There is more nonsense written about Amazon than almost any other topic because mere mention of Amazon will get you more clicks than anything else — although the “A9 Algorithm” might be the most ridiculous topic of all.
Amazon also happens to be an incredibly divisive subject generally, one of those where little nuance seems to be permitted — and someone writing articles about Amazon tends to regularly get labeled a “shill” or a “hater,” depending, sometimes off the back of the same piece!
Talk of Amazon can also be quite lucrative. The currency of the internet is attention — as I think was once said by Jeff Bezos, although I’m scared to Google it in case I start getting hunted down on every corner of the internet with hyper-personalized ads offering to make me a Kindle Publishing Millionaire or help me build a Drop Shipping EMPIRE.
Internet marketers are not known for their rigorous application of the scientific method. One intrepid black-hatted pioneer will discover a tasty data-morsel, dress it up in distracting finery, and then parade it about as part of a $2000 course. And then a dozen more will riff off that for their own courses and Patreons and books and masterminds and exclusive online workshops and virtual conferences; it’s like the most expensive game of telephone ever.
Sadly, it’s also quite value-free if you like hard facts.
This kind of environment shows some of the drawbacks of the brave new world ushered in by the internet and Google. If search for the phrase “amazon algorithm,” for example, the very first result is an article titled “Everything You Need To Know About Amazon’s A9 Algorithm,” and my BS alarm immediately goes off — use of the singular “algorithm” is a dead giveaway that the person doesn’t have a clue what they are talking about. Use of “A9” in this manner is another. Read More…
Also Boughts play an important role on Amazon, but it is one which is commonly misunderstood, because Also Boughts are much more important for what they represent. Which means you shouldn’t worry so much if they aren’t currently displaying on your book’s page — or even if they go away forever! — because Amazon’s giant recommendation engine will be completely unaffected.
That statement will spark some vehemently disagreement, I’m sure, but give me the opportunity to show you exactly what I mean.
Amazon makes millions of book recommendations to readers every single day — both on-site in various slots around the Kindle Store, and by email as well. These recommendations take many different forms. Some are very top-down, but most are either personalized for each individual reader, or contextual — based on what the reader is viewing at that moment, or the place they are in the Kindle Store, or an action they just performed.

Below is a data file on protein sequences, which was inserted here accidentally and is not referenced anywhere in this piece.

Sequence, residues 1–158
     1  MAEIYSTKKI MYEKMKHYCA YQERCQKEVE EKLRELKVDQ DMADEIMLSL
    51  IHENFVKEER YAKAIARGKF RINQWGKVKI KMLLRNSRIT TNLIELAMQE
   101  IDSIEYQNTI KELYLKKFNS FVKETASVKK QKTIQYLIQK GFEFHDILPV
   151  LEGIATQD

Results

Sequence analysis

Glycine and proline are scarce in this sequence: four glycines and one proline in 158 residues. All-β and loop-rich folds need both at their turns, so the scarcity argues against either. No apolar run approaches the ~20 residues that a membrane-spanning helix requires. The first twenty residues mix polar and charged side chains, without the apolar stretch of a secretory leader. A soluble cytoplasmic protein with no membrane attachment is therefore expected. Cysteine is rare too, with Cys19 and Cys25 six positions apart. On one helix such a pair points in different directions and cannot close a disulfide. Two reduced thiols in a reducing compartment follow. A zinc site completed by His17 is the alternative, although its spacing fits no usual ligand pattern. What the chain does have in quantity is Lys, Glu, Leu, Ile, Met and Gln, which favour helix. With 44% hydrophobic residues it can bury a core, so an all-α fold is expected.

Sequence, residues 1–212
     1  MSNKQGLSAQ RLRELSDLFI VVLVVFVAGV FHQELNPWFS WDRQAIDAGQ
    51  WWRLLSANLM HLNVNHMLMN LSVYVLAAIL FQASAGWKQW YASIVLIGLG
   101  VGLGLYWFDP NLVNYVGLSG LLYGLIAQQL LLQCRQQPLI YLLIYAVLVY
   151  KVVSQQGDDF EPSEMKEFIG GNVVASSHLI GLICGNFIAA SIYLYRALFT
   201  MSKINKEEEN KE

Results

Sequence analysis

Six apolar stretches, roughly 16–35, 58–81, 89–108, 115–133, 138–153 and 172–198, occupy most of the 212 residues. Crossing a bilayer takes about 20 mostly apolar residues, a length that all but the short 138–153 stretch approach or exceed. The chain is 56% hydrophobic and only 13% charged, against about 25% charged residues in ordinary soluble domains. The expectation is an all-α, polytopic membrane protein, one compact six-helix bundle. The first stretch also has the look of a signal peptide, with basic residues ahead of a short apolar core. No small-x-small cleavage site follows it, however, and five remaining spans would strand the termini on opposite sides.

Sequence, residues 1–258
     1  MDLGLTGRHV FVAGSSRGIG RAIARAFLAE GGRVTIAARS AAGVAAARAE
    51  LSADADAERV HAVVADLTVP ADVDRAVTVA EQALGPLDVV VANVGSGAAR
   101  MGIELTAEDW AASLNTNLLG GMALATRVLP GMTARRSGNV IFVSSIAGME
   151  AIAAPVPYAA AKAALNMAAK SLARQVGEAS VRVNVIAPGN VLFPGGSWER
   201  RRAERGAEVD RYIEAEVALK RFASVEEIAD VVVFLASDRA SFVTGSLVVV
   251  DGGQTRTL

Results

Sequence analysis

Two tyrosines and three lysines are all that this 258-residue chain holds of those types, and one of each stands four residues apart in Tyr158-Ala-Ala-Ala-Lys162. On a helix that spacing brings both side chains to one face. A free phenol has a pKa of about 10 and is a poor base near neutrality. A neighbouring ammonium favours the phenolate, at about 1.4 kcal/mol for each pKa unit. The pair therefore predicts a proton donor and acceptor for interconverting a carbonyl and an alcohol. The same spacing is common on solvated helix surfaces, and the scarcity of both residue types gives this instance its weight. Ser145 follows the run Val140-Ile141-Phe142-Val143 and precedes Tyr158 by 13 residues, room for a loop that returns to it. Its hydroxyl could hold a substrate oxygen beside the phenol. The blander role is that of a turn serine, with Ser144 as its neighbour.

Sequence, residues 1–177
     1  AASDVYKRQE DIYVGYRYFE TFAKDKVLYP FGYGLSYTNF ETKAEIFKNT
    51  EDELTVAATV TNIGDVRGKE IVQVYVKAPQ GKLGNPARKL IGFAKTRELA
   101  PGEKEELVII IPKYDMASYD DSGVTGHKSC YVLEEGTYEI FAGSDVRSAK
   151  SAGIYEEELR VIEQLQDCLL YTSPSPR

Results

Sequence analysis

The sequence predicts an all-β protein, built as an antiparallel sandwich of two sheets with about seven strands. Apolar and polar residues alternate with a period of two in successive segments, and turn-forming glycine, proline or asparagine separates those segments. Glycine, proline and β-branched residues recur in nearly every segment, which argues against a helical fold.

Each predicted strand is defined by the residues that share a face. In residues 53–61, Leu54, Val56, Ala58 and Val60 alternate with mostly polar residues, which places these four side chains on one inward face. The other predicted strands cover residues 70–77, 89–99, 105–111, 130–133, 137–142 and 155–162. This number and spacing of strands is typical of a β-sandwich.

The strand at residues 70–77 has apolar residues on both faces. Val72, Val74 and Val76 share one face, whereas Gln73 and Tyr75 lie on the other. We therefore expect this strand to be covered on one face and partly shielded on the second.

Let me give you an example.
During the research process for the forthcoming second edition of Amazon Decoded, I conducted a number of simple experiments, which were quite revealing.
Have you ever noticed what happens when you buy a book in the Kindle Store? I mean, have you noticed what happens on-screen directly afterwards? Amazon never misses a trick, and as soon as you complete the purchase, a confirmation screen appears, recommending several more books of course.
Amazon is split-testing things all the time, of course, so you may see this play out slightly differently each time you purchase a book, but, commonly, you will see Amazon push the book in the #1 Also Bought slot pretty hard. Read More…
A problematic feature of the world in 2018 is that the social networks we have built seem to spread misinformation faster and wider than its more accurate counterpart, and this can lead authors to make decisions counter to their interests. One of the enduring myths surrounds “The Amazon Algorithm.”
That phrase alone is a red flag to me because anyone who has a good idea about how Amazon works knows there is more than one algorithm — for example there are separate algorithms which determine how books are ranked in the bests seller charts, in the popularity list, plus which books appear in search for a given term and what order they appear in. And that’s just the tip of a very big iceberg.
That’s not the only thing about the phrase “the Amazon algorithm” which sets me on edge — speaking about it in such a way betrays a fundamental misunderstanding of what algorithms are, and what they can do. Read More…